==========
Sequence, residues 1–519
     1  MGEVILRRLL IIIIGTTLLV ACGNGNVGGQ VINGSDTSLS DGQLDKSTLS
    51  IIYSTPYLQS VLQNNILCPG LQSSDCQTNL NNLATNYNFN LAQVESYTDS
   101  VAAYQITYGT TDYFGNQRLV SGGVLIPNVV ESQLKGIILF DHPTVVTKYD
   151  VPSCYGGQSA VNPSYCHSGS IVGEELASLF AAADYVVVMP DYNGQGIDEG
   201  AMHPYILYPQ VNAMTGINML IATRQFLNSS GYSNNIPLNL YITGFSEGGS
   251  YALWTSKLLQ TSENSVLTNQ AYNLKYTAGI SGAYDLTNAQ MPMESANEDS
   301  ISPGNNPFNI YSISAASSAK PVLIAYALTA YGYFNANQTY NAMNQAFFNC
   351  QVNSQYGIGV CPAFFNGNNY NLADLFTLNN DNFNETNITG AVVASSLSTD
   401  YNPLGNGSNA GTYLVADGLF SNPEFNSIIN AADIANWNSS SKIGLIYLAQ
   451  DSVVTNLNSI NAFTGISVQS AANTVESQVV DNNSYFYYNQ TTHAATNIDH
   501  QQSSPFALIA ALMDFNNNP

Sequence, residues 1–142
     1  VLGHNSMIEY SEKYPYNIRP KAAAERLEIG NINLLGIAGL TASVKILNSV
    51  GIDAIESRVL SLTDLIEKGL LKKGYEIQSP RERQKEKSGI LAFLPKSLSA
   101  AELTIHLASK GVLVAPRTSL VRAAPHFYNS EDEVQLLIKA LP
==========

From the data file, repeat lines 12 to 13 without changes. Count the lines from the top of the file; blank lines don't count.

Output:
   501  QQSSPFALIA ALMDFNNNP

Sequence, residues 1–142